## MFEM mesh v1.1

This format adds support for non-conforming (AMR) meshes. The sections
`dimension`

, `elements`

, and `boundary`

are the same as in MFEM mesh v1.0 and
are followed by two new (optional) sections, `vertex_parents`

and
`coarse_elements`

:

```
# Vertex hierarchy
vertex_parents
<number of relations>
<vertex index> <parent 1 index> <parent 2 index>
...
# Element hierarchy
coarse_elements
<number of coarse elements>
<refinement type> <child index 1> ... <child index n>
...
```

These are followed by the standard sections `vertices`

and `nodes`

of the format
MFEM mesh v1.0.

The new section `vertex_parents`

identifies all vertices (by their zero-based
index) that have been created as new mid-edge vertices by adaptive refinement
of elements. Each such vertex has exactly two "parents" identified again by two
zero-based indices. This information is needed to construct constraining
relations in a mesh with hanging nodes. The order the vertex-parent relations
are stated in the file is not significant.

The second optional section `coarse_elements`

describes the element refinement
hierarchy. While the standard section `elements`

lists all leaf elements of the
refinement tree, this section describes all elements that have been refined and
are no longer active. Each line describes one such virtual element, its
refinement type and up to 8 children. Child indices between 0 and *N-1* refer
to the *N* active elements in the `elements`

section. A coarse element has an
implied index starting with *N*. A coarse element can refer to another coarse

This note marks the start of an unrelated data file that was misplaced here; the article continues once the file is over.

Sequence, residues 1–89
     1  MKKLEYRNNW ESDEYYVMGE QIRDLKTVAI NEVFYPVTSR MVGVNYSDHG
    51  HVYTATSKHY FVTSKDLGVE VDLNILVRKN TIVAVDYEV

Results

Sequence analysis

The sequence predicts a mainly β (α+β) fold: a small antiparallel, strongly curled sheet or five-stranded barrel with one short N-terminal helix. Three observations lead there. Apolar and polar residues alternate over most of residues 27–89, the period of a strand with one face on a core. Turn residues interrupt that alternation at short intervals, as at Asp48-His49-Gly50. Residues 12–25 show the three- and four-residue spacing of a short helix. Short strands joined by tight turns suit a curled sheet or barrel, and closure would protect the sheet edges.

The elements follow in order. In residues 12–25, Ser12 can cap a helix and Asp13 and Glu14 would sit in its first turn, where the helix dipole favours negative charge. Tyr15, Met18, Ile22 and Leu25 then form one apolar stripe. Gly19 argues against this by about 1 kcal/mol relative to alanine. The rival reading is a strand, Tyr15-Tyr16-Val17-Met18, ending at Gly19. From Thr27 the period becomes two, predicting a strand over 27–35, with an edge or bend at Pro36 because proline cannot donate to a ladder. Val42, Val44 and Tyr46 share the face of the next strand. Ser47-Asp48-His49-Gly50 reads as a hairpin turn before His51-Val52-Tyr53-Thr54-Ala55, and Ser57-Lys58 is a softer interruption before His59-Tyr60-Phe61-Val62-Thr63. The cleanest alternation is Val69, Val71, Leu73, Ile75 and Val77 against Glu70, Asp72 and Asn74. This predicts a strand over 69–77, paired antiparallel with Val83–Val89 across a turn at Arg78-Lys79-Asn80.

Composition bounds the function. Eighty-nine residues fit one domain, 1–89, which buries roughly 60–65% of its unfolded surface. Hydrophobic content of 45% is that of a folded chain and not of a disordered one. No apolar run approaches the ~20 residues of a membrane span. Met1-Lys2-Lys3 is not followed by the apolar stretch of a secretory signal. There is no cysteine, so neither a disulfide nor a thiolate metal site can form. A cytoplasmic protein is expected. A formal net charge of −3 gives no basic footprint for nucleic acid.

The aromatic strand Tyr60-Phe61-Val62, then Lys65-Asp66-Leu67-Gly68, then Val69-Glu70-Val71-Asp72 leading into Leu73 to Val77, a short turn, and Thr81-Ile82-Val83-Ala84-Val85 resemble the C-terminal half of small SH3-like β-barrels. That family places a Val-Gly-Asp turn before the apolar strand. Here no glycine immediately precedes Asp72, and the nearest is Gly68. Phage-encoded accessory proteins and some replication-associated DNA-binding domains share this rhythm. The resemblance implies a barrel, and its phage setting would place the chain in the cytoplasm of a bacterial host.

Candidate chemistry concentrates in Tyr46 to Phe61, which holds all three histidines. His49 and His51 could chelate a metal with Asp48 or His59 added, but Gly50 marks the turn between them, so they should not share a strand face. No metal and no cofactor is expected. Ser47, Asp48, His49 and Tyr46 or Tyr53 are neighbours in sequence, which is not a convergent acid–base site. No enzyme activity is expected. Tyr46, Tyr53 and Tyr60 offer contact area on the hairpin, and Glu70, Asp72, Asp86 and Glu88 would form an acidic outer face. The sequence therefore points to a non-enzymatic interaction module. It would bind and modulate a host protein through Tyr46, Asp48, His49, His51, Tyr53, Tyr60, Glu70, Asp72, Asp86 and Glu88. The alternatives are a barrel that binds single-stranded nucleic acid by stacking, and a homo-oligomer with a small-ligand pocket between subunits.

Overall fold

element of *index >= N*, but only after such child has been defined in the
`coarse_elements`

section. The hierarchy is thus represented from the bottom
up. The refinement types are: 1=X, 2=Y, 4=Z, 3=XY, 5=XZ, 6=YZ, 7=XYZ, where X,
Y, Z refer to one or more splits in the respective axes of the element
reference domain. If the entire section is missing, MFEM will not be able to
derefine the mesh.

The files
amr-quad.mesh,
amr-hex.mesh and
fichera-amr.mesh
(above) in the `data`

directory are examples of AMR meshes.

## NURBS meshes

MFEM provides full support for meshes and discretization spaces based on Non-uniform Rational B-Splines (NURBS). These are treated similarly to general curvilinear meshes where the NURBS nodes are specified as a grid function at the end of the mesh file.

For example, here is a simple quadratic NURBS mesh for a square domain with a (perfectly) circular hole in the middle. (The exact representation of conical sections is a major advantage of the NURBS approach over high-order finite elements.)

```
MFEM NURBS mesh v1.0
#
# MFEM Geometry Types (see mesh/geom.hpp):
#
# SEGMENT = 1
# SQUARE = 3
# CUBE = 5
#
dimension
2
elements
4
1 3 0 1 5 4
1 3 1 2 6 5
1 3 2 3 7 6
1 3 3 0 4 7
boundary
8
1 1 0 1
1 1 1 2
1 1 2 3
1 1 3 0
1 1 5 4
1 1 6 5
1 1 7 6
1 1 4 7
edges
12
0 0 1
0 4 5
1 1 2
1 5 6
2 2 3
2 6 7
3 3 0
3 7 4
4 0 4
4 1 5
4 2 6
4 3 7
vertices
8
knotvectors
5
2 3 0 0 0 1 1 1
2 3 0 0 0 1 1 1
2 3 0 0 0 1 1 1
2 3 0 0 0 1 1 1
2 3 0 0 0 1 1 1
weights
1
1
1
1
1
1
1
1
1
0.707106781
1
0.707106781
1
0.707106781
1
0.707106781
1
1
1
1
0.853553391
0.853553391
0.853553391
0.853553391
FiniteElementSpace
FiniteElementCollection: NURBS2
VDim: 2
Ordering: 1
0 0
1 0
1 1
0 1
0.358578644 0.358578644
0.641421356 0.358578644
0.641421356 0.641421356
0.358578644 0.641421356
0.5 0
0.5 0.217157288